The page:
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Publication numberUS3263247 A
Publication typeGrant
Publication dateAug 2, 1966
Filing dateMar 3, 1964
Priority dateMar 3, 1964
Publication numberUS 3263247 A, US 3263247A, US-A-3263247, US3263247 A, US3263247A
InventorsRichard R Knittel, Charles H Burnette, Ronald H Beckman
Original AssigneeRichard R Knittel, Charles H Burnette, Ronald H Beckman
Export CitationBiBTeX, EndNote, RefMan
External Links: USPTO, USPTO Assignment, Espacenet
Headed hollow body support
US 3263247 A
Abstract  available in
Images(2)
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Claims  available in
Description  (OCR text may contain errors)

Aug 2, 1966 R. R. KNITTEL ETAL 3,263,247

HEADED HOLLOW BODY SUPPORT Filed March 3, 1964 2 Sheets-Sheet 1 Au8- 2, 1966 R. KNITTEL ETAL 3,263,247

BEADED HOLLOW BODY SUPPORT filed March 3. 1964 2 Sheets-Sheet 2 Mgt .It

United States Patent O Filed Mar. 3, 1964, Ser. No. 348,993 Claims. (Cl. 5-353) This invention relates to a resilient load supporting assembly, and more particularly to a vented, bellows spring cushioning assembly, especially for furniture, mattresses, cushions, automotive and general transportation seating.

The advantageous features resulting from the employment of a plurality of resilient, vented bellows springs to form load supports, useful for example in furniture, automotive seating, mattresses, throw cushions, and others, fare many as set forth in patent application, Serial No. 256,376, entitled, Molded Body Support, filed February 5, 1963, and patent -application Serial No. 348,934, entitled, Molded Spring, filed, March 3, 1964. Many times intermeshing of the bellows of adjacent springs is greatly desired due to the unique effects which result, as set forth in the latter patent application.

Whether or not the springs are intermeshed, spacing of the respective springs with respect to each other, and positioning of a plurality of springs in a proper pattern, is often diicult to achieve. The amount of spacing between individual bellows of the -adjacent springs is normally not readily visible to the assembler to enable him to conveniently locate the spring. Even after the springs are located, it is very ditiicult to secure them in this exact position without movement.

After the springs are assembled, lateral shifting of one or more springs is also potentially possible, especially if hard usage occurs. The means normally relied upon in efforts to prevent this shifting is the securement of each spring to a common support as by staples, adhesives, fusion or the like. Only if the bellows of adjacent springs are substantially interengaged is there any mutual cooperation between the springs themselves to limit lateral shifting. Even then, exact initial positioning is difficult to obtain.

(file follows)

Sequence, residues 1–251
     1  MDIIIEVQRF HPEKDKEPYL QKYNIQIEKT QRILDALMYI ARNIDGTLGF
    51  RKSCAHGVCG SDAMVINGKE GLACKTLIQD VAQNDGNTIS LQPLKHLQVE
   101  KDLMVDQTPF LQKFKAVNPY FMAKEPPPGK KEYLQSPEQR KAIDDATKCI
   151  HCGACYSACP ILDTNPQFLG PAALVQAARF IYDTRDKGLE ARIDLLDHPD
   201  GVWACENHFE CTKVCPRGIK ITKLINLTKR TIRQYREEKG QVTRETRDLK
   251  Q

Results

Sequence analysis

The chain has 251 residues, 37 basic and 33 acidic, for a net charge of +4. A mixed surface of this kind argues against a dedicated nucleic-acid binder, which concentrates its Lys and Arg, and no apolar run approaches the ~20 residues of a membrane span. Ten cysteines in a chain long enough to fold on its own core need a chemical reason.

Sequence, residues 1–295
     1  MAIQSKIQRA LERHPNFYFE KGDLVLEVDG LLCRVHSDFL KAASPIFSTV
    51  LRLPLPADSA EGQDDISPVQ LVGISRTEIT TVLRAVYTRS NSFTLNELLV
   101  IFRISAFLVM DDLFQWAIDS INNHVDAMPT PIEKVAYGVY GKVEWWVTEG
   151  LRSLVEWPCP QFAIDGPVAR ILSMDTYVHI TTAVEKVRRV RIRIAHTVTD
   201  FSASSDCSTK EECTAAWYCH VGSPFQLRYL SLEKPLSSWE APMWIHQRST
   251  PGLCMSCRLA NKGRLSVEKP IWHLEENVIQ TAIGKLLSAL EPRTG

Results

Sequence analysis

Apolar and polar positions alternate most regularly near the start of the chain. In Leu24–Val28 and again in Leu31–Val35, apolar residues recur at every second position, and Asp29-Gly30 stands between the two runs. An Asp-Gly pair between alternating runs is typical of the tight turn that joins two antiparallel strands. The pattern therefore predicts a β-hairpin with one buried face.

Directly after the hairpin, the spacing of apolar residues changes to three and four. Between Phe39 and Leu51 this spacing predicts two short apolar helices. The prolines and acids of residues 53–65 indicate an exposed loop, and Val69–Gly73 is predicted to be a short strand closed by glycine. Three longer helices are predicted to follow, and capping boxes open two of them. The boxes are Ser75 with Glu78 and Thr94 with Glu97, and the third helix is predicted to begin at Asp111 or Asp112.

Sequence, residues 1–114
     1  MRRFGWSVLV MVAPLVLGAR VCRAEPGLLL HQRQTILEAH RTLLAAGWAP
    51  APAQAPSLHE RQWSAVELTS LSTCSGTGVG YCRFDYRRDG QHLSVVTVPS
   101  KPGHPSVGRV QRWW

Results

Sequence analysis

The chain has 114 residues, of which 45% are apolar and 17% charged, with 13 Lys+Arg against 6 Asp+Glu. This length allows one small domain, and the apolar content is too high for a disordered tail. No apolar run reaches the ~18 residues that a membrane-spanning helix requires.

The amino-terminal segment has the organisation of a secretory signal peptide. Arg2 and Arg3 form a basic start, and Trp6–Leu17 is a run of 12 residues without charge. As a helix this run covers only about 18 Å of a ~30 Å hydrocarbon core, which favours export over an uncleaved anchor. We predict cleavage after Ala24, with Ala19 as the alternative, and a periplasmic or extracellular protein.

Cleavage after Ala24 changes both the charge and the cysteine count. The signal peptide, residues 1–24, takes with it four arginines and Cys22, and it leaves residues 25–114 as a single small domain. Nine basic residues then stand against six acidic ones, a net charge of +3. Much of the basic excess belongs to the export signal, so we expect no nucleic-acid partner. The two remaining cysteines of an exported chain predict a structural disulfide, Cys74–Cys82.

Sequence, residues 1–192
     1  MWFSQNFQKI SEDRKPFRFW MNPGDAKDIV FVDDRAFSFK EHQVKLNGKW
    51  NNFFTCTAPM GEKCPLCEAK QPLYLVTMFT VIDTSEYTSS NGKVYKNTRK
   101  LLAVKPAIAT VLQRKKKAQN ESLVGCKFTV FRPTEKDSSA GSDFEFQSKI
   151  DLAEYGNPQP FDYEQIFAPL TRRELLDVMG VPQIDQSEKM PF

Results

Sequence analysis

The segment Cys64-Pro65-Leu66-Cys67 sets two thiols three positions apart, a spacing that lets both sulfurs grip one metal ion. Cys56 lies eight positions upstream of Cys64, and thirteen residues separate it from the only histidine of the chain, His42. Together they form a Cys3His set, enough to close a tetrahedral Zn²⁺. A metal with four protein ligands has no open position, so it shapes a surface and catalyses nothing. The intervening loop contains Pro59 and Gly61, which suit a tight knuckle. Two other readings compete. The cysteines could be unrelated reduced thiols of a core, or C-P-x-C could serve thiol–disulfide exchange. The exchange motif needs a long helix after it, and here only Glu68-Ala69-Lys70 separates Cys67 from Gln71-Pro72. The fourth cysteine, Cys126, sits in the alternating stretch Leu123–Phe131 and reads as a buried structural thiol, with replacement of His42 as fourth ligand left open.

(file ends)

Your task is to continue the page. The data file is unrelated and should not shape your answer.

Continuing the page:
Spring assembly stability and effectiveness is not only affected by lateral shifting of one or more springs, but also by the potential cocking of one spring on another, especially if one is tilted sufficiently to have a bellows edge catch beneath a bellows of an adjacent spring. This not only detracts significantly from the appearance of an article employing the springs by creating a dip or bump in the surface, but also causes an unpleasant feeling to the person using the article as a support.

Another disadvantageous factor possible with `bellows spring load supporting assemblies results from the gap occurring between the heads of adjacent springs, even if the springs are intermeshed. The usual circular or ovular spring configuration leaves substantial gaps between the adjacent heads of the springs. If the springs are placed closely adjacent, the bellows become interengaged, rather than moving adjacent each other with independence. To cover these gaps, substantially thick surface cover pads of soft sponge material are employed over the upper ends of the springs. Without this pad, the outline of each spring would be telegraphed through the cover sheet to present an uneven surface.

It is therefore an object of this invention to provide a novel bellows spring and spring assembly causing mutual cooperation between the springs to effect interstability when assembled, maintaining the springs aligned and preventing cocking of the springs on one another. The novel construction enables springs to be placed closely adice jacent and in contact with each other without requiring interengagement of the bellows. The springs prevent lateral shifting of adjacent springs. Each spring is prevented from cocking with a unique, cooperative supporting and sliding action between adjacent springs.

It is another object of this invention to provide a novel bellows spring and spring assembly enabling exact spacing and positioning of the individual springs with respect to each other, allowing the assembler to visibly ascertain the exact spacing between the springs merely by a glance at the top of the adjacent springs.

It is another object of this invention to provide a novel bellows spring and spring assembly that prevents the substantial gap heretofore occurring between the upper ends of the adjacent springs, thereby providing a generally uniform and comfortable surface, and a more attractive surface when covered, since no gaps exist to be telegraphed through the cover sheet.